Why didn’t you just kiss me?

I didn’t care much for Valentine at first – not knowing she was actually going to become the love interest, I was ready to dismiss her as one of the side-shows distractions of the first episode. She doesn’t show up much later, either, and when she does, she has a tendency to be on the whiny side. She’s not match for Sylvia, that’s for sure; but oh, how she had grown on me! By the fourth episode I had no idea who to root for, and by the fifth I was with her all the way. Adelaide Clemens has come a long way from her action TV origins, and she has a bright future as the sort of “clever man’s Renee Zellweger”, provided she continues to be cast in things as well done as this one.

Baaah!

The complexity of its characters is what makes this show so stand apart from others. There are no cliches left upturned. The mark of its brilliance is the ability to make even a World War I behind-the-lines general into a sympathetic, well-meaning character, a sort of “anti-Melchett”. But it’s not just a topsy-turvy world where the harlots (olde-worldy for “sluts”) turn out the most faithful and the suffragettes the most delicate. Rather, it is a representation of the so-called “real life” as it is, with all of its many facets and shades.

I’ve been in this movie already!

Perhaps Christopher Tietjens himself starts out as the least multi-faceted of all characters: an old Tory, too smart and too moral for a world where neither of these is an asset, “the toryism of the pig’s trough”; a cliché in a top hat. But this is exactly why he is the main hero: he must grow up. It’s interesting to note that Cumberbatch is the only one having a real character development here: with everyone else, we just see their many layers being revealed as the story goes. Both Sylvia and Valentine are already living in the Twentieth Century, if in different parts of it. For Tietjens, all his layers have to grow on him from nothing, to match the changing, increasingly confusing future.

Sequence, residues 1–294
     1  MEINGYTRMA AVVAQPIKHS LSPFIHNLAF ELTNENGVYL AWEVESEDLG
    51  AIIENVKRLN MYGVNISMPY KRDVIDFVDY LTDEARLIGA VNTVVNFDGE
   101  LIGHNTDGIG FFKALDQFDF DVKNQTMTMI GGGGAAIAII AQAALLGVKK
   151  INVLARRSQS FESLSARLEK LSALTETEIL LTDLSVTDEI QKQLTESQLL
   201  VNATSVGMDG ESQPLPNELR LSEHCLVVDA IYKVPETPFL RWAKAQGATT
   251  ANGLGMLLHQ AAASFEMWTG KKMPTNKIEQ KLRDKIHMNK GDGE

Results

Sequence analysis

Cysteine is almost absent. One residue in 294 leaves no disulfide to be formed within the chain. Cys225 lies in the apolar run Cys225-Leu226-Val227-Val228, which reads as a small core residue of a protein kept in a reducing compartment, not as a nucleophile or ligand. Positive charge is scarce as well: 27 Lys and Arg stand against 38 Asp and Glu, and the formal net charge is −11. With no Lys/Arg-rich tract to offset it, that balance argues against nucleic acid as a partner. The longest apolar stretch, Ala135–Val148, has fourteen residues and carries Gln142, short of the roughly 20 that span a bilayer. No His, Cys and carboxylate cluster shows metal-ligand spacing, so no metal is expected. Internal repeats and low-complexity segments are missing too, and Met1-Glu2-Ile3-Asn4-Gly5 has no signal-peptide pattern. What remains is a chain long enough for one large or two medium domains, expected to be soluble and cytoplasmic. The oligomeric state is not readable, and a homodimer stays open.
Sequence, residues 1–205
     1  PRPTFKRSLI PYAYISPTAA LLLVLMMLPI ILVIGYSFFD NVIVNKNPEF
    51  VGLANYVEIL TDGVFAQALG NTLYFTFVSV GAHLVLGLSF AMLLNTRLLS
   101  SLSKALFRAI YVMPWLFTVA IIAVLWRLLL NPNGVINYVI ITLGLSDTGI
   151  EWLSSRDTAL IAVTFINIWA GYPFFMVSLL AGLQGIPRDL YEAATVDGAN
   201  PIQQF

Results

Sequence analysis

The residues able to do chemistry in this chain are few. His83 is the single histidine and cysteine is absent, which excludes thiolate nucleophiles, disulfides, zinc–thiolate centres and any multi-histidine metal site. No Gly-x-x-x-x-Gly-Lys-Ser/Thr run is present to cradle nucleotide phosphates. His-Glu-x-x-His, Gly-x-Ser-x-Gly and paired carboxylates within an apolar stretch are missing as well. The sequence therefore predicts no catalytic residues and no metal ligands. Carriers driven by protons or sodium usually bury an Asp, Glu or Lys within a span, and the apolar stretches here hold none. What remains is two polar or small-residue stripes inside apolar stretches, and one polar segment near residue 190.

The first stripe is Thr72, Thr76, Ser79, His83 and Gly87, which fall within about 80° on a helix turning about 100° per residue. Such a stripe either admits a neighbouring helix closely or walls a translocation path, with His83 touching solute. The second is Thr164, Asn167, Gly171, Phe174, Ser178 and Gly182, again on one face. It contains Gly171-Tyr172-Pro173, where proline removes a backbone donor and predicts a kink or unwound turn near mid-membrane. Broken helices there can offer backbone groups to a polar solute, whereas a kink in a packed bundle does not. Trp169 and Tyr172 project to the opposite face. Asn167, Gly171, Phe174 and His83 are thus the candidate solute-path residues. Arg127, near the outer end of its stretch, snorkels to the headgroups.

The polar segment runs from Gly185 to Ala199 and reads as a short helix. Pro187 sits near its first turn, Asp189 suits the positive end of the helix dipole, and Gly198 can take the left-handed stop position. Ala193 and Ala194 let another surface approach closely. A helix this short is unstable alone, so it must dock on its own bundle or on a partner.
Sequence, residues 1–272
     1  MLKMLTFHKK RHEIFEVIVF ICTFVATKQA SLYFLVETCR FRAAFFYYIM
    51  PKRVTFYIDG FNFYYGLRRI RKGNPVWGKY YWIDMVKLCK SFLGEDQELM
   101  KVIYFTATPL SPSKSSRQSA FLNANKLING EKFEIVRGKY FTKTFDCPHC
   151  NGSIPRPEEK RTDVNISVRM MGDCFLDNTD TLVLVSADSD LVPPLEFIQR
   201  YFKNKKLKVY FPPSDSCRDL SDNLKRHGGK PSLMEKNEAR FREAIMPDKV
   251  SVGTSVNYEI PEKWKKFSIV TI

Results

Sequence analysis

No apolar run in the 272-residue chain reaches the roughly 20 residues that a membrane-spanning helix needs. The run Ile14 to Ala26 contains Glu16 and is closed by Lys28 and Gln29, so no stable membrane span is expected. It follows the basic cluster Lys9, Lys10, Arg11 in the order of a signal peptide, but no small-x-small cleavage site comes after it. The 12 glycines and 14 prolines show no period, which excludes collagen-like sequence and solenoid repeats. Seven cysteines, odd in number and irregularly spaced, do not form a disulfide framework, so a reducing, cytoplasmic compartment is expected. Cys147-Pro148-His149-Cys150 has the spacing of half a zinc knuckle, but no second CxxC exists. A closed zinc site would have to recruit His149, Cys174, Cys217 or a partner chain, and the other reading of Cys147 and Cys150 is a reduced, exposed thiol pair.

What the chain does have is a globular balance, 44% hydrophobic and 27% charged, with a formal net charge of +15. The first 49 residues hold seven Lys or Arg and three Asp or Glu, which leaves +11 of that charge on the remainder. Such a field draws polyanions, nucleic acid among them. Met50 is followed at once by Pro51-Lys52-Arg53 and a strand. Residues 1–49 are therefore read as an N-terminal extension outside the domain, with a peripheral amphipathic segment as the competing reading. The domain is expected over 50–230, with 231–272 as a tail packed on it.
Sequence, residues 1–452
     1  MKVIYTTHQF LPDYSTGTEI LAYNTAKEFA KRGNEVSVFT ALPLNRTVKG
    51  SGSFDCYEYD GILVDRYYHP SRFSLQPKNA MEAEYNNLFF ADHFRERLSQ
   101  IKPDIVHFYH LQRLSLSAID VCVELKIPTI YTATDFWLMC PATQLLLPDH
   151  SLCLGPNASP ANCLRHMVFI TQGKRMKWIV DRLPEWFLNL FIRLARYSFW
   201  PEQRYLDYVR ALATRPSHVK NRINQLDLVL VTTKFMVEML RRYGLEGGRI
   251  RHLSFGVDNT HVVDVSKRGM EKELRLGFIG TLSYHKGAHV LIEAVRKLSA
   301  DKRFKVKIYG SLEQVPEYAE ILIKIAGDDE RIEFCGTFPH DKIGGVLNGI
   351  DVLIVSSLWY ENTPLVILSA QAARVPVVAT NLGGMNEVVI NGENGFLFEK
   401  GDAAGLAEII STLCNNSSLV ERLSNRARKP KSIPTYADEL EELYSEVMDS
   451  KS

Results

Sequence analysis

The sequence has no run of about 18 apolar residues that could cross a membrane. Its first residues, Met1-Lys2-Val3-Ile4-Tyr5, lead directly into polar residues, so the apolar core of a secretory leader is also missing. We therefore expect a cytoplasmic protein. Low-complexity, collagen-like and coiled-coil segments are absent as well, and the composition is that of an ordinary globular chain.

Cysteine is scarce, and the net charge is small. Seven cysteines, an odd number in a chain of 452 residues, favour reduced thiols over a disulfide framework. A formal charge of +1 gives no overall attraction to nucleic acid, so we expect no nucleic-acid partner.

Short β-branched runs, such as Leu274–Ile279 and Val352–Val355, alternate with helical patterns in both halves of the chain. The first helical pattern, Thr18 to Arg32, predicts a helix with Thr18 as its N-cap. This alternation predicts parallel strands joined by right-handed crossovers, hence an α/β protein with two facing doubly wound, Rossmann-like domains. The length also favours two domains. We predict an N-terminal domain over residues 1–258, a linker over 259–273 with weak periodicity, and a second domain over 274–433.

The last parade

I could say more, for there is much more to say. I haven’t even mentioned the war itself: just when you thought there could be no new way to portray the life in the trenches, Parade’s End comes as fresh as if you’ve never even heard the words “shell-shock” and “no-man’s land”. I haven’t mentioned the lavish production values, which show London turn over the period of several years from being inhabited only by top-hatted men in horse-driven carriages to these same men donning bowler hats and driving around in automobiles. I haven’t mentioned the sonnets and Latin hexameters. You have to discover all this by yourself.

If you ever get a chance, do watch this drama: it’s truly exceptional. A frightfully well written piece and played brilliantly by all; and it made me speak Edwardian for a week – by God!